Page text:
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Measuring crop plants

Date:
March 11, 2016
Source:
Forschungszentrum Juelich
Summary:
What happens inside plants as they respond to environmental stimuli? How does the outward appearance, the phenotype, change in response to temperature and water availability? How does the local environment affect the growth of plants and which characteristics must breeders take into account in future varieties to increase yield and decrease water and nutrient requirements? The measuring of crop plants and their response to a changing environment is at the heart of a new large-scale project.
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The measuring of crop plants and their response to a changing environment is at the heart of EMPHASIS, a new large-scale European project coordinated by researchers in Jülich. EMPHASIS is part of the new ESFRI roadmap, in which the member states of the ESFRI Forum (European Strategy Forum for Research Infrastructures) coordinate research strategies in Europe.

The current roadmap has been made public in Amsterdam today, within the framework of the Dutch EU presidency. What happens inside plants as they respond to environmental stimuli? How does the outward appearance, the phenotype, change in response to temperature and water availability? How does the local environment affect the growth of plants and which characteristics must breeders take into account in future varieties to increase yield and decrease water and nutrient requirements? The project EMPHASIS -- European Multi-Environment Plant Phenomics and Simulation Infrastructure -- aims to create an integrated, European network of unique infrastructures for plant phenotyping and breeding. Crops that are important for food security and the bio-economy are the focus of EMPHASIS. One goal is to speed up and improve the breeding of new varieties.

In EMPHASIS, researchers investigate crops under controlled conditions in the greenhouse, in special field conditions, simulating future environmental conditions. In these installations, researchers are able, for example, to vary the concentration of carbon dioxide as well as the soil or the air temperature. With advanced, non-invasive techniques, they can measure and analyse the structure and physiology of plants. EMPHASIS contributes innovative sensors and automated systems to decipher new breeding-relevant features and provides the IT competence to link the phenotypic data with the genotypic data.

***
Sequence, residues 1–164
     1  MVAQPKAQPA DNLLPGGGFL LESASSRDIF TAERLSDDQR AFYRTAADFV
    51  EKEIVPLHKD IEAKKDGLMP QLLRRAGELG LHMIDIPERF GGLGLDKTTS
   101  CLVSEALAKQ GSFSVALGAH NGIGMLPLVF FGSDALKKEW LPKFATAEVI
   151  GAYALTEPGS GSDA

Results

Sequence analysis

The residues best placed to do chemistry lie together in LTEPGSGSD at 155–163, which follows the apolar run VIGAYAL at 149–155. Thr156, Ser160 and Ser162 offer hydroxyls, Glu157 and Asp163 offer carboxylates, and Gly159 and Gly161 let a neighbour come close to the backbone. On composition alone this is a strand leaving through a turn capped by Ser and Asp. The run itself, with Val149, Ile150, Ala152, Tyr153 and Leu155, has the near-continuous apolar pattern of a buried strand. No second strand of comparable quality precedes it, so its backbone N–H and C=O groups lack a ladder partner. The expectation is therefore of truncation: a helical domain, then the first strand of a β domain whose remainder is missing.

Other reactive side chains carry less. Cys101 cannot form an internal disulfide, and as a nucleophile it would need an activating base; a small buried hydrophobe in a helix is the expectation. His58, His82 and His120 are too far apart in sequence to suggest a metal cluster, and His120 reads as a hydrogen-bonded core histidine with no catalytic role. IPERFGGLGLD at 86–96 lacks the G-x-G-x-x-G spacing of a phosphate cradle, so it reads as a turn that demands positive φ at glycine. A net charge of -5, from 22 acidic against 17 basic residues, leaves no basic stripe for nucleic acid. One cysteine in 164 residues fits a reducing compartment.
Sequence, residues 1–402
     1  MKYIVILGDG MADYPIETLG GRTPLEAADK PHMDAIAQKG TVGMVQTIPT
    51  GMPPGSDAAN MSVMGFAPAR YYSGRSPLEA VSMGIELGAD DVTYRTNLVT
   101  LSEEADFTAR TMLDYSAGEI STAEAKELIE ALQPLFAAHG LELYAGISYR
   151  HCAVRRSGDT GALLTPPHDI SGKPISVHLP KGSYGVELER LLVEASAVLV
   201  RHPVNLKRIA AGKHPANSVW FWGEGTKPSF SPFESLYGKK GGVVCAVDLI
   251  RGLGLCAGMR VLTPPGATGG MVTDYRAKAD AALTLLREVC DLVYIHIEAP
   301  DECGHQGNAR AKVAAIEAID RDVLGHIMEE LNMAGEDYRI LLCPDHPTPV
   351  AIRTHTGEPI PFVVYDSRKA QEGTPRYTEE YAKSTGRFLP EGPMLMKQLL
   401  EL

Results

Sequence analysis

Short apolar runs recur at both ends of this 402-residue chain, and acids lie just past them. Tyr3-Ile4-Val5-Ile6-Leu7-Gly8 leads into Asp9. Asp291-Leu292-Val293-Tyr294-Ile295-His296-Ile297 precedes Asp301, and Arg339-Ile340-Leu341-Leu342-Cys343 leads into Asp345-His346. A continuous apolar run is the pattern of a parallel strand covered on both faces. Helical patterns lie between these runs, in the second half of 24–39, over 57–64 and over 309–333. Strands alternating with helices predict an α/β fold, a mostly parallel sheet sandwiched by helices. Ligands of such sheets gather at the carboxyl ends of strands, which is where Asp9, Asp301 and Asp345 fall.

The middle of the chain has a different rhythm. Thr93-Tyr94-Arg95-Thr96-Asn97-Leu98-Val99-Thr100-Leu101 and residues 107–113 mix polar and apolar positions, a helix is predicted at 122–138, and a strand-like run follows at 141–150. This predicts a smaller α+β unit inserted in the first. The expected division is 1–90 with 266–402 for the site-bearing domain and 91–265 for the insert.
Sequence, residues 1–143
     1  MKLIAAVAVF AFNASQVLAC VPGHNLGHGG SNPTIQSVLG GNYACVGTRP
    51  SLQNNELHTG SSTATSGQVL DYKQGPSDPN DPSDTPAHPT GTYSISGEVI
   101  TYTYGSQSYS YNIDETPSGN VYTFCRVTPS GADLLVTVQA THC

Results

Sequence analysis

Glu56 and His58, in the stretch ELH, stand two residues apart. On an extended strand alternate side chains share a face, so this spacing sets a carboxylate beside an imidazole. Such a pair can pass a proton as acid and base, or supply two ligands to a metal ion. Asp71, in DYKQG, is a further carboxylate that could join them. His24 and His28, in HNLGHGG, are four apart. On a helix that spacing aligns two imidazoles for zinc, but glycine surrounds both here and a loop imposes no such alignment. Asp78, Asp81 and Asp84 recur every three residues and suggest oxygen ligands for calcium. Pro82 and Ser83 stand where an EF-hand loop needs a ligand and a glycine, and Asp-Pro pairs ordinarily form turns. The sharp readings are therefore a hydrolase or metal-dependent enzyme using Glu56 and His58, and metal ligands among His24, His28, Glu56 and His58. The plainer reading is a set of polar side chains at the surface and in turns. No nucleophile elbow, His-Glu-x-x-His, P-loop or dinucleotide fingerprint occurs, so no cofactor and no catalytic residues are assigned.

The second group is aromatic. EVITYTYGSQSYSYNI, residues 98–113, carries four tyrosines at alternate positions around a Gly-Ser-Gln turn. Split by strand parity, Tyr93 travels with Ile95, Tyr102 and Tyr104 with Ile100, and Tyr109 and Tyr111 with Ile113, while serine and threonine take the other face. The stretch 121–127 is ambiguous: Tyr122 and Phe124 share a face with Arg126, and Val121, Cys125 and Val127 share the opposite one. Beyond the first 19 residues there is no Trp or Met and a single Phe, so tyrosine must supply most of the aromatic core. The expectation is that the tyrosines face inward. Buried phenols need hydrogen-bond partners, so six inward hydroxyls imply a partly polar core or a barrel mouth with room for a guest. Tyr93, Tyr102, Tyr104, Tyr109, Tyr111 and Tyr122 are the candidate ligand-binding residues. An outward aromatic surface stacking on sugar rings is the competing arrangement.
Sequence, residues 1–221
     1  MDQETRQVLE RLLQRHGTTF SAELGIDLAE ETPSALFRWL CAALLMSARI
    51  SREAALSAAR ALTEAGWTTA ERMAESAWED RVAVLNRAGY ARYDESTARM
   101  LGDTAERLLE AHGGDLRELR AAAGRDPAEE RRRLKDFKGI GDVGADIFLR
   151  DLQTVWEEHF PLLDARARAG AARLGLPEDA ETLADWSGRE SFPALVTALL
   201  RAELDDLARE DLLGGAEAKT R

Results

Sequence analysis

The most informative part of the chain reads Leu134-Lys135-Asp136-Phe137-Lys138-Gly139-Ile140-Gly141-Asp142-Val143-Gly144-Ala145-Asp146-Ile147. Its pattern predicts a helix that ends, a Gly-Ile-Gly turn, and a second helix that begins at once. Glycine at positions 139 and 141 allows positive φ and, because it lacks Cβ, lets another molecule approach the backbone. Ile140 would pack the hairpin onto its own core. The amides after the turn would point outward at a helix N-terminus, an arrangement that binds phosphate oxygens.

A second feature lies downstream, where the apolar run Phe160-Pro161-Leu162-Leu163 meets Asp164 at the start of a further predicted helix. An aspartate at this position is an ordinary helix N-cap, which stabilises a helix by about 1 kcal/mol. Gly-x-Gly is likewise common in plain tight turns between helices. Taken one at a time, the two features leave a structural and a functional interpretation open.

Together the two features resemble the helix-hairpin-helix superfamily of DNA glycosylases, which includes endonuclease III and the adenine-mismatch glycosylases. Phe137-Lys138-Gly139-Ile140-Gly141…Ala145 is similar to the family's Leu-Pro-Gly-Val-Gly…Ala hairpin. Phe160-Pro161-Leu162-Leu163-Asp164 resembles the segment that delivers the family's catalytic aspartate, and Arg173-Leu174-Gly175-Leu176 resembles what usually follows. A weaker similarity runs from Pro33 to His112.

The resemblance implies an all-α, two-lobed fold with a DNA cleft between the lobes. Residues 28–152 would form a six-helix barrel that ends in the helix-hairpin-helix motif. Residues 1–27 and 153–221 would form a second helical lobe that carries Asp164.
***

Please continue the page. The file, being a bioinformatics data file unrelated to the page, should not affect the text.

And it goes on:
National plant phenotyping platforms, such as the German Plant Phenotyping Network (DPPN) and the French Plant Phenomic Network PENOME (FPPN) will be linked through EMPHASIS with institutions in Belgium, Great Britain, and other European countries. EMPHASIS cooperates with users from industry and other research organisations, for example, in the field of sensor technology and robotics, agriculture, and provides them with modern plant phenotyping infrastructure and modelling platforms, and high-end technology in climate chambers, greenhouses and in the field.

After a preparatory phase funded by the European Union, EMPHASIS will be implemented in 2018 and will be fully operational in 2020. Forschungszentrum Jülich will coordinate EMPHASIS in close cooperation with partners in France. As a key technology, plant phenotyping is essential for food security and a sustainable bio-economy, topics in which Forschungszentrum Jülich holds a leading role nationally. Forschungszentrum Jülich also coordinates the German and the European Plant Phenotyping Networks (DPPN, EPPN), as well as the global initiative, the International Plant Phenotyping Network (IPPN).


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Forschungszentrum Juelich. "Measuring crop plants." ScienceDaily. ScienceDaily, 11 March 2016. <www.sciencedaily.com/releases/2016/03/160311084122.htm>.
Forschungszentrum Juelich. (2016, March 11). Measuring crop plants. ScienceDaily. Retrieved May 8, 2017 from www.sciencedaily.com/releases/2016/03/160311084122.htm
Forschungszentrum Juelich. "Measuring crop plants." ScienceDaily. www.sciencedaily.com/releases/2016/03/160311084122.htm (accessed May 8, 2017).